Growing up Behind Bars: Q&A with Yusef Salaam

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Yusef Salaam was one of the five teenagers falsely convicted in the brutal rape of a white woman in Central Park in 1989. The convictions were overturned in 2002, when a serial rapist confessed to the crime, but Salaam had already served his full 5½-year term in prison. Recently, I had the opportunity to interview Salaam about his experience and the impact it had on his life.

In person, Salaam carries a dignified, purposeful, and positive aura. He seems to be using his situation as an opportunity to help youth by sharing his message with them.

In the course of our interview, he touched on the point that when he was exonerated, the media coverage was insignificant in comparison to the press coverage leading up to the conviction. But the documentary The Central Park Five, which chronicles the case  has given Salaam and the others a chance to finally share their story. Here’s more of what he had to say.

YCteen: You were 15 at the time. You had no record and had never been arrested. Did your naïvete about the tactics of law enforcement play a role in your being charged with this crime?

Yusef Salaam: None of us really knew what Miranda was back then. [Miranda rights refer to your right not to incriminate yourself after being arrested, including the right to remain silent and the right to an attorney. An officer must make sure you understand these rights.] You don’t feel like you have the right to remain silent—you feel like, “If I don’t say nothing, those guys are going to do something bad to me.”

I’m not only talking about the five [of us kids] but also our parents. Some of our parents hadn’t even known anything about the system. Some of them were seen on videotape seeming like they were agreeing with the process that their sons were going through, these false confessions.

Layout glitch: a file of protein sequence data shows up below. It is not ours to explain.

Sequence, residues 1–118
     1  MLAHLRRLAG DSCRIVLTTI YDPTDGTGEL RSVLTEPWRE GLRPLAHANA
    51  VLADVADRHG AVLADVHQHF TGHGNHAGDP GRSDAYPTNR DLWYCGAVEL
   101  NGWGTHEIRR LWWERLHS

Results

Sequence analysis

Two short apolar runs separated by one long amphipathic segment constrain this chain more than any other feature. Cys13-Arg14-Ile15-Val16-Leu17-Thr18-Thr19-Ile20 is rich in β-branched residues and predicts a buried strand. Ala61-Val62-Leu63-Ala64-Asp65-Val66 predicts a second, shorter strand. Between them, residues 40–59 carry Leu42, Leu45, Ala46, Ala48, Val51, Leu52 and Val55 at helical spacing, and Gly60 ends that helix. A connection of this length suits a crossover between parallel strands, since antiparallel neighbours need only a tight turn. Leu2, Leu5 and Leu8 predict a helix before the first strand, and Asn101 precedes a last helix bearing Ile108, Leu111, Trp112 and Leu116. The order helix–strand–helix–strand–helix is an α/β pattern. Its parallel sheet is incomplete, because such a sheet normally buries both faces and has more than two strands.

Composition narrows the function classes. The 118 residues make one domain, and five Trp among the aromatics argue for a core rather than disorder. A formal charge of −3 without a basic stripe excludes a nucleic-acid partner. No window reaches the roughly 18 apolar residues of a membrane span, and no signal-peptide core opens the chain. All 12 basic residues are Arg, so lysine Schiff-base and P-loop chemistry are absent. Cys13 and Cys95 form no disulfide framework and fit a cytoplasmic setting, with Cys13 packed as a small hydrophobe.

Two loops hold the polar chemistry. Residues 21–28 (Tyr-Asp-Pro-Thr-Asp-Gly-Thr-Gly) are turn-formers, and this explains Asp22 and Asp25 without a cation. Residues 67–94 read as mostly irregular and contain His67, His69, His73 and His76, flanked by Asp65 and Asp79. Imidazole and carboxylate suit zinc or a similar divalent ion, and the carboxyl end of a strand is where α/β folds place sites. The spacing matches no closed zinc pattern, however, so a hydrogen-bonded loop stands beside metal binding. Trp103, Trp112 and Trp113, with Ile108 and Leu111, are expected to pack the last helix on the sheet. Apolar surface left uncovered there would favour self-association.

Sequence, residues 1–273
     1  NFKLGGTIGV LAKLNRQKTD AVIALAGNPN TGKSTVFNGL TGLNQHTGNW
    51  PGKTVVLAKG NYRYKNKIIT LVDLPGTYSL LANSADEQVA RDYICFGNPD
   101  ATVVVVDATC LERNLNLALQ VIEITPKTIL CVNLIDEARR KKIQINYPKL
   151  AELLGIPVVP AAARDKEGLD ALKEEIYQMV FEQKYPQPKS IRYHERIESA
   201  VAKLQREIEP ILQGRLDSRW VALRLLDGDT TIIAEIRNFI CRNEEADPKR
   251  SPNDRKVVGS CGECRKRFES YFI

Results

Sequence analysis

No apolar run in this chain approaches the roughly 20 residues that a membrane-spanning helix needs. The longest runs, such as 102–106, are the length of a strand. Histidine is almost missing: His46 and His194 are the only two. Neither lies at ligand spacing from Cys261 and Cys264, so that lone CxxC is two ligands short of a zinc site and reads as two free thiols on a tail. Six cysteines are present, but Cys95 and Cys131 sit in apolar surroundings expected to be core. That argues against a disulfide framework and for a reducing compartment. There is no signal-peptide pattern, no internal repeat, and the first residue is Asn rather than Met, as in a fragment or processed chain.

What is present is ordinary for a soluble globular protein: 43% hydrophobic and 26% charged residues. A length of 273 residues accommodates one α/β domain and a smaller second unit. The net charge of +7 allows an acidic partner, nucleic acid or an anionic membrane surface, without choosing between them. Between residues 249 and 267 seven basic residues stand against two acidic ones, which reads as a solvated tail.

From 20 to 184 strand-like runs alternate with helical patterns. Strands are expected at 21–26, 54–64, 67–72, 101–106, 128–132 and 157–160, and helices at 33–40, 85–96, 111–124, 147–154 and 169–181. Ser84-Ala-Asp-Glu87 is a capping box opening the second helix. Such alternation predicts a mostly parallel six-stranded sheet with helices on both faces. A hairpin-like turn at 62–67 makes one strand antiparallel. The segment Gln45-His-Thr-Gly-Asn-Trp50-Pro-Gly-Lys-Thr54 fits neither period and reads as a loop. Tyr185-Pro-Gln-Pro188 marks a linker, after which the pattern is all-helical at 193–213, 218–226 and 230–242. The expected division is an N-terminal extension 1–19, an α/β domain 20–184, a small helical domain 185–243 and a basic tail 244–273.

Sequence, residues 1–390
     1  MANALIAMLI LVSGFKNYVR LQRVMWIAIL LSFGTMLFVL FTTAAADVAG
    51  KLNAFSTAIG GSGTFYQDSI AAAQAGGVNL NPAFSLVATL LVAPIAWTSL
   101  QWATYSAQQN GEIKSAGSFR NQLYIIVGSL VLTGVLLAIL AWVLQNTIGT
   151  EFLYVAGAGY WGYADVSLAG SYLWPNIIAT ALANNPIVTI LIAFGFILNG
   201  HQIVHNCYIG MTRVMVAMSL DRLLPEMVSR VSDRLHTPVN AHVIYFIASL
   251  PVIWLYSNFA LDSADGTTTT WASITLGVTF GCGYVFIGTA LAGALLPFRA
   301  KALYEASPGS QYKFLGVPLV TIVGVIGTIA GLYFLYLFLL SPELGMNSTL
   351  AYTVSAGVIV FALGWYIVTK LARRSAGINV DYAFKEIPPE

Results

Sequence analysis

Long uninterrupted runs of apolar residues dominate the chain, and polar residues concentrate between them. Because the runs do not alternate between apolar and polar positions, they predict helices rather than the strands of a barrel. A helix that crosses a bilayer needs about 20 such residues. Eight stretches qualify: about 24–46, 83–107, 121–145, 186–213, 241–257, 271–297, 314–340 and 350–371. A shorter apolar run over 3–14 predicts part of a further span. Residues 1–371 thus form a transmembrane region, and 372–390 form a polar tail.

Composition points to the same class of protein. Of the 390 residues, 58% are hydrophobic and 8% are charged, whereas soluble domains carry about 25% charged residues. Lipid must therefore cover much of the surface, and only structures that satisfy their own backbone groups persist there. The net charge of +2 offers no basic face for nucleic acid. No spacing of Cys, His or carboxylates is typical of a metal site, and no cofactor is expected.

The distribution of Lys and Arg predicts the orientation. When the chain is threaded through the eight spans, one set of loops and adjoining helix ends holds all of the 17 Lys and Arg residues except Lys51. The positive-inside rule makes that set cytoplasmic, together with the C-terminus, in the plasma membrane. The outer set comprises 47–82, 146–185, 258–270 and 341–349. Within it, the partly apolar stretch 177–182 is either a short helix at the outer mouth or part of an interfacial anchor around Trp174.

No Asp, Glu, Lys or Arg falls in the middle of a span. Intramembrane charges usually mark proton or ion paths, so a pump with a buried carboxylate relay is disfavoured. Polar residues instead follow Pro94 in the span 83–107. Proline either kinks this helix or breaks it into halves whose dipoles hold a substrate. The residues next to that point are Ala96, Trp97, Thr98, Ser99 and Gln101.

And unfortunately all of us were led to believe that if we just said we did it, we could go home. People who know the law, they know that’s crazy. But when you beat people down for 12 hours, 36 hours, don’t give them food, drink, you get them in this delirious state.

YCteen: What role did the media play in your conviction?

Salaam: I think it was such an attractive case, the way the media was spinning everything—these people from the darker enclaves are emerging out into society and they’re hunting for folks...there was this colorful language that they had to describe us, like a “wolf pack,” and it played to the fears that people had.

Many people, even in the black community, bought into the lie because many of them had been hurt by people who looked like them. I think it was easy for people to assume the worst rather than assume the best. No one had ever heard of us before so it was easy for them to say, “This is who these guys are.”

The worst part about it is because of the way [the media and law enforcement] went after us, the intensity with which they went after us, this allowed for the real perpetrator to continue to hurt folks, and ultimately one of his victims he murdered.

YCteen: How did prison affect your life?

Salaam: It’s one thing to go to jail knowing you’ve committed a crime. But to be a young person having never done anything wrong and get placed in this system...everything we knew was taken away. We were put in the worst prisons they could possibly find. I went to a maximum security youth facility and people were getting maimed, people were getting hurt, stuff I can’t even describe, and that would go on daily.

It takes so much from you, and that is one of the reasons a lot of people come out of prison really scarred. They come out with post-traumatic stress syndrome, some can’t even function in society anymore. It’s a wonder that we’re doing a little bit OK. But the indelible scars that prison left on us are there, all the time.